In many ways the world is shrinking – culturally, economically...
The elephant in the pews?
It’s not all black and white, we are connected to each other in more ways than we realise and it’s not just for friendship, as it would be if we were just part of the world. No, these are people who pray for each other, encourage and correct each other and support each other in many other ways. This is how the Christian world is meant to go round.
But it doesn’t. Ministries struggle for financing because many Christians’ finances are tied up in tithing schemes from their local Church that give no leeway for the work of the Holy Spirit to work in people’s lives in the area of giving. Instead they are forced to adopt tried and tested techniques and schemes endorsed by the secular world. It’s just as well we have a faithful, caring and creative God, because it’s getting harder and harder to ‘live by faith’.
Let’s think a bit about money. A dirty word in Christian circles, yet there’s little teaching on the subject apart from the ‘prosperity teachers’ who are continually looking for new creative ways to fleece the flock. Money is the accepted way that the world works, even impinging on the Kingdom of God. There’s the form and there’s the function. The form is the size of your bank account, money under the mattress, premium bonds, lottery win, jewellery collection, the equity in your family home or the coins in your piggy bank for a rainy day. This is how the world sees it, it can be seen as a measure of how you are esteemed by others, a sign of success or breeding or even luck. Yet it is the function that is important to us, what it is used for. Does it allow a fellow Christian in full-time ministry to live from day-to-day? Or is it used to purchase and promote marketing programmes devised by human minds, rather than mandated by God? Or is it used to pay salaries of “professional” Christians?
We are asked to be good stewards and this includes making sure that what God has freely given to us, is given back to Him. Everything we have is from God. To be blunt, there’s a lot of wealthy Christians who need to take that one on-board. I can’t tell you how many times I and other Christians in ministry have been offered significant financial support … but with strings attached. This can take the form of the donor having a say on how the money is used, even if they do not have the wisdom or expertise to do a decent job. Or there could be restrictions that are motivated by doctrinal views of the donor.
Everything we have is from God.
The earth is the Lord’s, and everything in it, the world, and all who live in it; (Psalm 24:1)
The silver is mine and the gold is mine,’ declares the Lord Almighty. (Haggai 2:8)
Now it is required that those who have been given a trust must prove faithful. (1 Corinthians 4:2)
Christians can be very awkward with money and I have experienced a variety of different ways that organisers handle the situation of how to recompense a visiting speaker (i.e. me). In the space of a month I had two very contrasting experiences. In the first meeting the leader explained a little about my ministry and my needs and exhorted the congregations to give generously into the basket passed around. The gift indeed was generous and was added to later by two individual donations, one by hand, the other anonymous. It more than covered my costs and the fact of the generosity itself was warming, even apart from the practical aspects. In the second meeting, of around the same size, the leader seemed embarrassed even to mention the fact that I had come a long way and had incurred expenses and no collection was arranged or expenses paid (it did come eventually by post but it barely covered petrol and parking costs!).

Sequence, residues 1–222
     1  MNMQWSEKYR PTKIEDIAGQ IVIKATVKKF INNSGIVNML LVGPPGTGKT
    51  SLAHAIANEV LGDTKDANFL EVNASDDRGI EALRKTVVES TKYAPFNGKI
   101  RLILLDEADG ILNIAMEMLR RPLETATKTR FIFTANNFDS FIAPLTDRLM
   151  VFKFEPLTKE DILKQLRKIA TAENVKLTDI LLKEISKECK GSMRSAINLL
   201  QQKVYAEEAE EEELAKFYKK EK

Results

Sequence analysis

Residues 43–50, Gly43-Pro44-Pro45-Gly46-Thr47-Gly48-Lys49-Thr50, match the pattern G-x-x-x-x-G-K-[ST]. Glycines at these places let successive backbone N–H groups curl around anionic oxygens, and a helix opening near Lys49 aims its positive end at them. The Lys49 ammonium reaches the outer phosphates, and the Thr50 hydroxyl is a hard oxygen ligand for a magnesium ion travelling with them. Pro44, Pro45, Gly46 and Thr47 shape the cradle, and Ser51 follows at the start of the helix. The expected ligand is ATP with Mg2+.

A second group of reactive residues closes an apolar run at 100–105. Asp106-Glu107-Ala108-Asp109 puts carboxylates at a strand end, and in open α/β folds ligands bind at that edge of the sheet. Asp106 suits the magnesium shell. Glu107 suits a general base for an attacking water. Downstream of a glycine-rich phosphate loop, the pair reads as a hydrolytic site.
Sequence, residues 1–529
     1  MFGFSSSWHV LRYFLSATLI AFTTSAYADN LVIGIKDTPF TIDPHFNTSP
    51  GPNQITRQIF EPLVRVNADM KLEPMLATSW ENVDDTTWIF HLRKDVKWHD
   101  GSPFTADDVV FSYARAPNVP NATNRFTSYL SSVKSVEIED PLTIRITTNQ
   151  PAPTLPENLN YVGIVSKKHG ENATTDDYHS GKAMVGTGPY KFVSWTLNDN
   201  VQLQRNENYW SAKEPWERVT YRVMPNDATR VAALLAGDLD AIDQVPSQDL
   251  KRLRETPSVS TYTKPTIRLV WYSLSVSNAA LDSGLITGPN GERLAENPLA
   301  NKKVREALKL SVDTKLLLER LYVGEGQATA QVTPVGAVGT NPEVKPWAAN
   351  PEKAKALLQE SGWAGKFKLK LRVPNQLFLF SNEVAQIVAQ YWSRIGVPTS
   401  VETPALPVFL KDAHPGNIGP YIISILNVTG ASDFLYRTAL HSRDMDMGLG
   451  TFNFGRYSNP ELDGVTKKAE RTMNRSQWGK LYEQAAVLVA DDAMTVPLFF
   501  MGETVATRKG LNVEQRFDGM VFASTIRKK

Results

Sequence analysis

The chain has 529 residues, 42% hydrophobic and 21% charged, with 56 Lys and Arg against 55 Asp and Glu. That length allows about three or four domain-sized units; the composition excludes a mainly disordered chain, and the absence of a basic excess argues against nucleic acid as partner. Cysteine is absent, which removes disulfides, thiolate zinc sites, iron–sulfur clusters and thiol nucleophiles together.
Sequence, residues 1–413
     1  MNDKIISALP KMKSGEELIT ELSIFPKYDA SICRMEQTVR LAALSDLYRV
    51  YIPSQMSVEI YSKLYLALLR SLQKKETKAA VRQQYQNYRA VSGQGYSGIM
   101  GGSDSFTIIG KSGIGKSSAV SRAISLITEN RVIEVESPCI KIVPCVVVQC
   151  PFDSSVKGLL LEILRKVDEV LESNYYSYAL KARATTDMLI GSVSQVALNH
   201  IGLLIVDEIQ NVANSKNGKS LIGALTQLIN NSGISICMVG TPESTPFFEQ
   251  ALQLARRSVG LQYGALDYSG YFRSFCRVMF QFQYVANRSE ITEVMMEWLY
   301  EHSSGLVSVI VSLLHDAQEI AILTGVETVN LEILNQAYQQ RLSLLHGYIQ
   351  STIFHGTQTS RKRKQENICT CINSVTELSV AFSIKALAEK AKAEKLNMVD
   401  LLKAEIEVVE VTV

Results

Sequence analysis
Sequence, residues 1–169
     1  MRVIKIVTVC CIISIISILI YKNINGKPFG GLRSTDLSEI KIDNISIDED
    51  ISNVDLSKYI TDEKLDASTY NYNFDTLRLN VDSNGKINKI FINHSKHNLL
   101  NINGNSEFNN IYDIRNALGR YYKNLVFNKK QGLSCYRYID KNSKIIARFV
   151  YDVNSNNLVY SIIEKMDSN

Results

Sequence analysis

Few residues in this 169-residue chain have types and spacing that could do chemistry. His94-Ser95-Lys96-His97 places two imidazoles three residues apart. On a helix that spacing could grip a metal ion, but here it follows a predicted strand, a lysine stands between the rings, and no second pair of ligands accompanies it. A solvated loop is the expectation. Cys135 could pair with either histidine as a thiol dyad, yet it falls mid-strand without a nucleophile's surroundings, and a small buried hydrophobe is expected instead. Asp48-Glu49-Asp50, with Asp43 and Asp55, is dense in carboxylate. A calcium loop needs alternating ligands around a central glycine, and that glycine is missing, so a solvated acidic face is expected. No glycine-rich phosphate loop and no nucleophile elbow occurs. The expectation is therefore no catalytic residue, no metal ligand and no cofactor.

This is not an indictment on the second group, but rather on the mindset that pervades that Christians living by faith are financed by God, so we don’t have to! Don’t they realise that they may be the means of blessing us, or do they think that God rains down financial manna in the form of hard cash every night (apart from the Sabbath, but double portion the day before). Everything is all so “spiritual”. I sometimes think people don’t realise that we all have physical needs too. I blame Plato, that man has a lot to answer for! I’m not embarrassed if people pass round the basket in my presence, the gentle flutter of a banknote in the basket is more acceptable than the jarring clunk of coins, because at least it means we can have a meal at the service station when we stop off to buy petrol on the long drive home. Most people don’t have to sit through such awkwardness, the gathering of money tends to be done electronically by BACS, which means that it rarely has to be thought about. Yet Christian teachers, preachers (and writers) have to endure this archaic process which can make them feel they are in a Roman amphitheatre awaiting the ‘thumbs up’ of approval or ‘thumbs down’ of disapproval (though thankfully not death). There is a sense of being paid for performance, but it can work both ways, particularly if we feel that the message has just landed on stony ground!
At Foundations conferences we make a show of not ‘passing around the basket’ but allow delegates to take the initiative and post their offerings through a couple of post-boxes in the conference room. This takes away their embarrassment of having to add to a travelling basket but adds a risk to us that not all are going to respond. At a recent conference the offering was frankly quite paltry and we realised afterwards that teaching is needed to make people break out of the Greek restrictive bubble and enter into God’s Hebraic freedoms where rich are supporting the poor and where some preachers and teachers can afford an occasional luxury or two.
This is an extract from the book, Livin’ the Life, available for £10 at https://www.sppublishing.com/livin-the-life-151-p.asp